To gain an understanding of what it might be like to live in Australia, it is useful to consult some recent independent reports. The ‘United Nations Development Programme (UNDP)’ annual constructs a Human Development Index (HDI) to rate livability of developed countries. In 2004, Australia rated third on the list of the most livable countries, with the US rating eighth. In 2004 another group ranked all major global cities and selected Melbourne as the world’s highest ‘Quality of Life’ Ranking and placed Sydney at number six. The weighting factors included: Stability; Healthcare; Culture and environment; Education and Infrastructure.
Besides these very high standards of living, it is worth noting that Australia is a large sporting nation and loves its popular entertainment. While Australia is known for its world-class swimmers, rugby union and cricket teams we also have a high interest in soccer, all other forms of football (Australian Rules and Rugby League), basketball, baseball, etc. General large venue entertainment can sampled from Ticketek and Ticketmaster.
Entertainment wise while Australia is globally most noted for its soap operas (‘Neighbours’ and ‘Home and Away’) we also have a strong music and film industry. Australia has also had a few good years on the international film scene with its now predominately US-based Australian actors. However, the local industry is still gathering pace. To see what is happening in the Australian film industry readers might like to visit film sites such as AFC and Film.gov
Comparisons to the United States
Having a similar culture to the USA and the UK (after years of saturation with their consumer products, music, and films), Australia is eminently accessible and enjoyed by visitors from both these countries. The major difference is often said to be the Aussie ‘laid back’ approach to life. While this generalization can appear disarmingly charming, Australians still take aspects of culture such as loyalty (mateship), the environment, ‘homegrown’ entertainment and a high rate of hi-tech uptake very seriously.
The latest Australian housing surveys have revealed that major Australian cities are becoming expensive due to housing prices and a significant appreciation of currency against the US dollar. Sydney remains the most expensive city in Australia with its rank going up from 103 in the world in 2001 to 20 in 2004. In 2004, Melbourne held the second highest expensive Australian city position with its rank rising from 129th position to 67th position during the same period.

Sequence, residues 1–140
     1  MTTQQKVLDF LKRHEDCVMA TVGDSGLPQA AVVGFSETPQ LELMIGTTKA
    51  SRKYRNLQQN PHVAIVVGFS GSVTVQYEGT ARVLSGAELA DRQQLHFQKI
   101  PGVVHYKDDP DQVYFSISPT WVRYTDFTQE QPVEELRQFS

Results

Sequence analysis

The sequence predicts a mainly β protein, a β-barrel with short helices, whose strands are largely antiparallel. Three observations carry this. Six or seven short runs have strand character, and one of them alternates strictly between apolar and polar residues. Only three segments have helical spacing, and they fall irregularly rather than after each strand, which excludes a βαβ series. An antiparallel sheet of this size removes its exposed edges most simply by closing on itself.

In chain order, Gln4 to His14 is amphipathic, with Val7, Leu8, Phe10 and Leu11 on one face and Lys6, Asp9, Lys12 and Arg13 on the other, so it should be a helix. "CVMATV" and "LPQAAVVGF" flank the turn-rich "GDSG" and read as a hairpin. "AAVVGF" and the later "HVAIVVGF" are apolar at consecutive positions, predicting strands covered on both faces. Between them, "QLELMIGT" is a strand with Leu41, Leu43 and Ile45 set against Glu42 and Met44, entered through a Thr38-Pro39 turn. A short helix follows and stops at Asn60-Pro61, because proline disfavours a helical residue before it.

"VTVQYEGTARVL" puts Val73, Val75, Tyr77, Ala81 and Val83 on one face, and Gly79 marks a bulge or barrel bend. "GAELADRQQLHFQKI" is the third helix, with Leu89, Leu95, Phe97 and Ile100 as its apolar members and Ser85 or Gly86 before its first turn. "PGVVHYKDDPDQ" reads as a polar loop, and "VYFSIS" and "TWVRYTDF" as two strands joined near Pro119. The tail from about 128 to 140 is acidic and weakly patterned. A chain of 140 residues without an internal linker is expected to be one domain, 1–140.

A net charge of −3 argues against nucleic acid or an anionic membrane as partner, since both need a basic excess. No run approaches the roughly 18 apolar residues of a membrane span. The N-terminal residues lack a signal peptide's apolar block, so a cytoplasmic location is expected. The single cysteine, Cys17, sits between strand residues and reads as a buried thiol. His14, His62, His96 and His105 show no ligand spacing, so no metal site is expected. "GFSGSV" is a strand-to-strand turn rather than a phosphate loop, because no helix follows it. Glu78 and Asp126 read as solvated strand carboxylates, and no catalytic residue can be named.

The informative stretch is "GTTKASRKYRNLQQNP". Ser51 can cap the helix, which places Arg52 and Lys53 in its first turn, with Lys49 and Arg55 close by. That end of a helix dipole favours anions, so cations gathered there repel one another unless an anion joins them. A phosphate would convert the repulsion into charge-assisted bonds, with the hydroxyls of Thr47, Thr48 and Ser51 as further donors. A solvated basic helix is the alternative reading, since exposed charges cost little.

While housing prices have risen substantially in most capital cities since 2000, rentals have not kept pace. This fact still makes Australia a very attractive proposition for US IT contractors intending on working and renting in Australia. For comparison of the ‘Most Unaffordable Housing Markets’, consider that in 2006, Los Angeles USA still ranked as the worlds most unaffordable housing city (house cost of 11.2 x the median wage) while Sydney Australia was 8.5, New York USA (7.9) and Melbourne house prices were 6.4 times the median wage.
To put that into perspective, the 2006 September median house prices were: Sydney $520,000 and Melbourne $357,000. Using the ‘Unaffordablity ratings’ above, that gives Sydney a median wage of $520k/ 8.5 (= $61.2K) and Melbourne a median wage of $357K/ 6.4 = ($55.7K). With the AUS$ currently hovering around 80 US cents that makes the median wages: Melbourne (US$44,000) and Sydney (US$49,000).
The very good news for visitors is that while our house prices have seen a dramatic climb in recent years, the rental prices are still quite reasonable. A report by a leading real estate data company shows that in August 2006, that “Australia's capital cities gross rental returns on houses remain at around 4 percent. Based on median house prices and rents for three-bedroom houses.”
Thus the rent on the median three bedroom house in Melbourne would be a quite affordable 4% x $357K = $14,200 p.a. or $275 a week. If you wish to see some current examples of house rental prices you may like to look at.